8 states push to get 3.3 million ZEVs on road by 2025
Consumer demand for ZEVs, which include plug-in hybrids, battery-powered and hydrogen fuel-cell cars, hasn't been as robust as some expect.
LOS ANGELES -- Eight states, including California and New York, announced today major incentives to place a cumulative 3.3 million zero-emission vehicles on the road by 2025.
The 3.3 million ZEVs -- powered by batteries or hydrogen fuel cells -- would represent a market penetration of 15 percent of the eight states’ sales from present day. The states represent about one-quarter of U.S. vehicle sales.
The eight-state coalition, which includes Connecticut, Maryland, Massachusetts, Oregon, Rhode Island and Vermont, said in a report today they plan reciprocity agreements for nonmonetary enticements, such as carpool lane access and preferential parking for ZEVs. But the “action plan” also includes a continued commitment to consumer incentives and tax credits.
“We’re looking at a big transformation, no question about that,” said Mary Nichols, chairwoman of the California Air Resources Board.
Asked whether the 3.3 million figure is a goal or a mandate for automakers, Nichols said the plan was based on state emissions requirements under the federal Clean Air Act.
“The states have mandates which are legally enforceable because of the Clean Air Act. But states have had a history of adjusting numbers based on circumstance,” Nichols said in a conference call with reporters.
‘We want them to succeed’
The California Air Resources Board has tried to “technology force” zero-emissions vehicles for more than two decades. Its original ZEV mandate requiring the largest seven automakers to have 10 percent of their vehicle fleet be ZEVs beginning in 2003 was scrapped in 2001 -- when CARB sharply diluted the requirement to just 8,137 pure electrics, of which only 4,670 needed to be freeway legal.
CARB spokesman David Clegern declined to give an aggregate figure of what the action plan -- in terms of infrastructure construction, sales incentives and tax credits -- will cost taxpayers in the eight states.
Christine Kirby, deputy director of the Massachusetts Department of Environmental Protection, said her state is investing in DC fast-charging stations to help promote EV usage and will continue to offer sales incentives to purchase battery-electric and plug-in hybrid vehicles.
“This is a big tent we are creating here,” Nichols said. “We are demonstrating the commitment the states have for creating a healthy market for these vehicles.”
When asked about Fiat Chrysler Automobiles CEO Sergio Marchionne’s contention that the automaker loses $14,000 on every Fiat 500e sold, Nichols countered that Toyota once claimed it lost money on the Prius.
“Everyone understands that going into new technology requires a commitment from auto companies, and they don’t normally turn a profit as quickly as everyone would like. But through a sustained commitment, they will. We’re coming to this collaboration as a way of helping companies. They’ve done a great job of producing great cars. We want them to succeed and want them to make money on this,” Nichols said.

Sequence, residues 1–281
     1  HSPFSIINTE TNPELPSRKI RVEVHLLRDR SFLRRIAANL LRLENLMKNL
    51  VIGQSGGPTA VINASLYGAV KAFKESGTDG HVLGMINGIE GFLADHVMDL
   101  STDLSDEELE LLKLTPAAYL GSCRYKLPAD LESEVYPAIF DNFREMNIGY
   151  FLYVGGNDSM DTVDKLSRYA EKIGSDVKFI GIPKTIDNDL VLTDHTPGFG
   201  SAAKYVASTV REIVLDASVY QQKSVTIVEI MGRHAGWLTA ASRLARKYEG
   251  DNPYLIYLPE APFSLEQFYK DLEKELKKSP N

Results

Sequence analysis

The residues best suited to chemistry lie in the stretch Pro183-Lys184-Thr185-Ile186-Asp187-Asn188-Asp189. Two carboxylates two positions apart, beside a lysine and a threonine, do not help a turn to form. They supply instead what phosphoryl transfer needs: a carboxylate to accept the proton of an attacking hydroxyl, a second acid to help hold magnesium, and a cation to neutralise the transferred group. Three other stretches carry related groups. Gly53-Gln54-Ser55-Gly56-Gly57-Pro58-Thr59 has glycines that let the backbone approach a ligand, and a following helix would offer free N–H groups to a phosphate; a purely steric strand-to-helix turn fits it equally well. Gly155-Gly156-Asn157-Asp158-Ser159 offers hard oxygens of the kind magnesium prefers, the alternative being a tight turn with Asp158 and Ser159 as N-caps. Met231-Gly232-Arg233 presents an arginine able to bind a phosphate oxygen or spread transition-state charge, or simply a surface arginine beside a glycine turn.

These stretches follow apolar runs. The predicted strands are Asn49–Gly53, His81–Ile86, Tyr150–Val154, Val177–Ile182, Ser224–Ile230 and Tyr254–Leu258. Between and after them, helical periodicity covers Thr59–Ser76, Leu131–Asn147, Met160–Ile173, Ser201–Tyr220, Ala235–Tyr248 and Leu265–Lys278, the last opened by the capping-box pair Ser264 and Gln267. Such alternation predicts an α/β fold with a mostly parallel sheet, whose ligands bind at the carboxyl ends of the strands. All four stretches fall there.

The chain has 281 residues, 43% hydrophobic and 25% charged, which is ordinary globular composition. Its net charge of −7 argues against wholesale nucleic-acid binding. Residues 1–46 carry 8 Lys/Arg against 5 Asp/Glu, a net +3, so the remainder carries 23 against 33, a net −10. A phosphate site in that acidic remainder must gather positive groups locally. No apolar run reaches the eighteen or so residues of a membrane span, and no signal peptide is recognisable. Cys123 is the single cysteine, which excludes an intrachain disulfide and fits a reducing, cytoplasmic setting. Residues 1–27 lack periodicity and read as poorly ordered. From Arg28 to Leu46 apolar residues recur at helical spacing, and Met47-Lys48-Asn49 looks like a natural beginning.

Not all measures in the action plan are financial. The plan calls for streamlining building codes and liability insurance regulations so that future commercial buildings can allow for charging EVs. It also seeks uniform signage and payment systems for public charging stations.
U.S. sales of plug-in hybrids and battery-electric cars have risen 26 percent through April to 31,027, according to HybridCars.com’s monthly dashboard.
Consumer demand for ZEVs, which include plug-in hybrids, battery-powered and hydrogen fuel-cell cars, hasn’t been as robust as some expect, Adam Jonas, an equity analyst for Morgan Stanley, said in a research report Wednesday.
A few years ago, forecasts for global electric vehicle penetration were as high as 5 percent or 10 percent by 2020, Jonas wrote. “From today’s perspective, we think penetration in the 1 percent range would be respectable.”
Representatives from several states said they were working on increasing the number of battery-charging stations, as well as hydrogen fuel-cell fueling stations, to help generate consumer interest. Currently, only California has a working, funded plan in place for a “hydrogen highway,” although Rob Klee, commissioner of Connecticut’s Department of Energy and Environmental Protection, said his state is committed to growing its hydrogen infrastructure.
“California is committed to the infrastructure to get these technologies on the ground, and automakers are behind the effort,” said Alberto Ayala, CARB deputy executive officer. “I hope other states take lessons from California and expand the market for fuel-cell electric. We need both batteries and fuel cells to get to our goals.”
Bloomberg News contributed to this report.
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